Spot gold traded at $1,593.45 an ounce at 2:29 p.m. in Singapore from $1,592.80 yesterday, when it climbed to $1,598.80, the highest intraday price since Feb. 28. Gold for April delivery was little changed at $1,591.90 an ounce on the Comex after four days of gains, the best run since August.
The European Central Bank will maintain its accommodative stance “as long as necessary,” according to Jens Weidmann, an ECB council member and head of Germany’s Bundesbank. A report yesterday that showed industrial output fell in January boosted speculation the Bank of England may add to stimulus. In Japan, two opposition parties said today they will endorse Kikuo Iwata for Bank of Japan deputy governor, increasing the likelihood Prime Minister Shinzo Abe will win confirmation for his pro- stimulus central-bank nominees as he seeks to end deflation.
“Easier global monetary policies have positive ramifications for bullion,” Howard Wen, an analyst at HSBC Securities (USA) Inc., wrote in a note. “The key support for bullion prices has been the emergence of Chinese physical buyers. Indian merchants noted that demand may pick up in April on the resumption of the wedding and festival season.”
Daily volumes for the benchmark cash contract on the Shanghai Gold Exchange have been more than double the average in 2012 since Feb. 18, when it reached a record 22,024 kilograms, according to bourse data.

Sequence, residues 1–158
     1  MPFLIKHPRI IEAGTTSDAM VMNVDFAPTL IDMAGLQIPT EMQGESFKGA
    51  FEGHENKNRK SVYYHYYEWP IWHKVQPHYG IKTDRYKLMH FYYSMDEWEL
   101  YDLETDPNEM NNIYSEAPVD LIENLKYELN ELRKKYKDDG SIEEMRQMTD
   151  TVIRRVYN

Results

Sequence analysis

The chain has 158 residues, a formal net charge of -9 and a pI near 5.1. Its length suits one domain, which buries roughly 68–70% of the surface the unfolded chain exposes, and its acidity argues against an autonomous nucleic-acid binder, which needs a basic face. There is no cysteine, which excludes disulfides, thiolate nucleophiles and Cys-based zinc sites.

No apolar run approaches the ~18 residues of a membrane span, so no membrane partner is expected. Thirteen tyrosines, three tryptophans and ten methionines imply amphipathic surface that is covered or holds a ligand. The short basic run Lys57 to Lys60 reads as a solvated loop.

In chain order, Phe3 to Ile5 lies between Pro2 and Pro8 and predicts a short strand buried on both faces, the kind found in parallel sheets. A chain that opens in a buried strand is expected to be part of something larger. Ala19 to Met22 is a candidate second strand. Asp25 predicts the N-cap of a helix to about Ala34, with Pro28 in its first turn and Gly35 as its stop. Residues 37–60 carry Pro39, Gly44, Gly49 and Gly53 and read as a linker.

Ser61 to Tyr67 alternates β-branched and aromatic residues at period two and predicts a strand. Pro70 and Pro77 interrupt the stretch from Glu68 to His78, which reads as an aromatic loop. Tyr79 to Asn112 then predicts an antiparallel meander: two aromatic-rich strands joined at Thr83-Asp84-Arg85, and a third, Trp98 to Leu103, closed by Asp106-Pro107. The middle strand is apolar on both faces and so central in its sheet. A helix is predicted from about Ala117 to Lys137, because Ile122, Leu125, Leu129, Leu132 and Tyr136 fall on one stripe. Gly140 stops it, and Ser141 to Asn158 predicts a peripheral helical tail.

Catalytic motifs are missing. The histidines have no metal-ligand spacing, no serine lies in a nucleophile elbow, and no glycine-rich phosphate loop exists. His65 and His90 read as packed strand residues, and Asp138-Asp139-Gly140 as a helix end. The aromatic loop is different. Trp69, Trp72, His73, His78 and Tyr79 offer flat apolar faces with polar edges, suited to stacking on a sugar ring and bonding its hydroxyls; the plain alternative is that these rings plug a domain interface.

Spot gold is down 4.9 percent this year amid speculation that the U.S. Federal Reserve may rein in its stimulus as the recovery in the largest economy gains traction. Data today may show U.S. retail sales advanced in February for a fourth month. Assets in gold-backed exchange-traded products dropped to 2,472.891 metric tons yesterday, the lowest since September.
ETP holdings are a so-called key variable to watch, showing how committed investors are to gold, Diego Parrilla, chief investment officer of Singapore-based Nareco Advisors, said at a conference in the city-state today.
Cash silver was little changed at $29.16 an ounce and spot platinum fell 0.3 percent to $1,591.25 an ounce. Palladium lost 0.4 percent to $769.50 an ounce, declining for a third day.
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